For better for worse: Now you can say “I do” in a church made entirely from plants

A New Zealand tree specialist has grown a church from the grass roots up – literally

A tree enthusiast near Cambridge has built an entirely living Tree Church.

The three-acre Tree Church and gardens took Barry Cox four years to design and grow using a combination of plant species.  Cox, who as a child wanted to be the Pope when he grew up, chose to grow a church because of his love for religious architecture – and to publicise his tree business.



Currently the church and gardens are open to visitors and available to book for weddings and private events. The church itself seats 100 people, as well as containing a marble altar. Opposite to the entrance to the church is a labyrinth walk.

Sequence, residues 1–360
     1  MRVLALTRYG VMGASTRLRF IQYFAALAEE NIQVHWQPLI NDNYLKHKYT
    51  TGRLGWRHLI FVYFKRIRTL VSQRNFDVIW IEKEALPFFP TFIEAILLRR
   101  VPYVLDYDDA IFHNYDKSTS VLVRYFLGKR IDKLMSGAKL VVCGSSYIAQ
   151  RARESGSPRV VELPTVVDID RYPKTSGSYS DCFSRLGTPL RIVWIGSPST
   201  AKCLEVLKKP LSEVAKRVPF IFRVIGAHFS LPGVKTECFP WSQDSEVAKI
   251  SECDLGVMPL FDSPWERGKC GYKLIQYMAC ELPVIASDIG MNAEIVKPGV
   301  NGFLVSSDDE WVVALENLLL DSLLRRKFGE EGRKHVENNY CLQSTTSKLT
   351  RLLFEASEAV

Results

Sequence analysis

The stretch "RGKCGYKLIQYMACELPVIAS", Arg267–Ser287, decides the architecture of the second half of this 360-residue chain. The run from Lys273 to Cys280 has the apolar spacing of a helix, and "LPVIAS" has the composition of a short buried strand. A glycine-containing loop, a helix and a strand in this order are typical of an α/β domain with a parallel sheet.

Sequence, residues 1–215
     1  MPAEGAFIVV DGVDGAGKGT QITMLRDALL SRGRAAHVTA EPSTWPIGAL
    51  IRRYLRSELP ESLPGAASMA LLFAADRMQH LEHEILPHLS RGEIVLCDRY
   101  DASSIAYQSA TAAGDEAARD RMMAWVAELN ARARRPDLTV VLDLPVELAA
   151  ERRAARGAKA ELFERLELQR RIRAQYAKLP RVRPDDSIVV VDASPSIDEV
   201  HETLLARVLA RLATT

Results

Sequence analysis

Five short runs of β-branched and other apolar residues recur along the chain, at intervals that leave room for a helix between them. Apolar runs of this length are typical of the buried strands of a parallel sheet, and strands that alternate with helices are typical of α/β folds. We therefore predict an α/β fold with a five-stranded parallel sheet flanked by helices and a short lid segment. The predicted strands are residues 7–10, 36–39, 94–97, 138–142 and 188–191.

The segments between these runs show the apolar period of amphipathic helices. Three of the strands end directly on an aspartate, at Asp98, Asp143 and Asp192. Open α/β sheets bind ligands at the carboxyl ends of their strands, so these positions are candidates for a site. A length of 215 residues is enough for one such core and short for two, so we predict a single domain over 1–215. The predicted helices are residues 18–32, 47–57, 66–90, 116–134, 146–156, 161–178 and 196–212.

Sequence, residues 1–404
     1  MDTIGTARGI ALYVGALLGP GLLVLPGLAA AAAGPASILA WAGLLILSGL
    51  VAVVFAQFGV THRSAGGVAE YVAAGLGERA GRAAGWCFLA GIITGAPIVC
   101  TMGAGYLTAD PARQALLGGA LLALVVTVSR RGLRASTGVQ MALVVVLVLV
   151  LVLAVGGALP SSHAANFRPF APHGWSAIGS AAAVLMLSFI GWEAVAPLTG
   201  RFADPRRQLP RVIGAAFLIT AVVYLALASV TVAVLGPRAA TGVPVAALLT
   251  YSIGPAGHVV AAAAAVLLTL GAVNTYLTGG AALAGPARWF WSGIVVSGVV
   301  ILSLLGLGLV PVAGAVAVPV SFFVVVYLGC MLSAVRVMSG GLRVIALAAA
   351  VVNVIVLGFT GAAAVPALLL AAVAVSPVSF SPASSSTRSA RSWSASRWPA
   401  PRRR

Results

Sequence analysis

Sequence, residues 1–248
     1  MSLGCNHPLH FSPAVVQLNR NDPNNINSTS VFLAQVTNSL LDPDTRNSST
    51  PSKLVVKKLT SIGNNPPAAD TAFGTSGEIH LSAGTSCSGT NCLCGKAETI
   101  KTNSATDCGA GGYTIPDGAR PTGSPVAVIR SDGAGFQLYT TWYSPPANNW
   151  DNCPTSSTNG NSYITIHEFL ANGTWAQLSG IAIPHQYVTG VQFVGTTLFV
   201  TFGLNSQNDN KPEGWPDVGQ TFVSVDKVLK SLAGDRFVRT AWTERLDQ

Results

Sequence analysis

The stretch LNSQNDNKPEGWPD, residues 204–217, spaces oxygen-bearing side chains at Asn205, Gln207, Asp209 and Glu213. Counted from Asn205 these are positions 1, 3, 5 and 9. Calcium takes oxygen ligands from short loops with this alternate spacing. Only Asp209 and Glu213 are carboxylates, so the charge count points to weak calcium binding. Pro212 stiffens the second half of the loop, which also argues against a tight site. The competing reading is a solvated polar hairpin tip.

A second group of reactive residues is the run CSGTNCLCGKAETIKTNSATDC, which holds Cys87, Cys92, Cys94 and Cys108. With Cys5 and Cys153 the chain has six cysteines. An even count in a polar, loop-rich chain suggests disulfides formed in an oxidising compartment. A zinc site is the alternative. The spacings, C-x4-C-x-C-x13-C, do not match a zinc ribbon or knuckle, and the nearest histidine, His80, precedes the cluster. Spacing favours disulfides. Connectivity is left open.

Cox built the garden around the church as a demonstration of what can be built using one of his “tree-spades” – a claw machine on the back of a truck, which can move and position trees up to two metres tall, without damaging either the tree or the ground around it. 

Cox owns and operates Treelocations, a company that focuses on the relocation or temporary housing of trees, working throughout the North Island.
For the roof canopy of his Tree Church he used cut leaf alder, while the walls are copper sheen, a fast-growing native Australian shrub.

The roof canopy was grown around a temporary iron frame until the trees grew into the shape, with the metal frame then removed.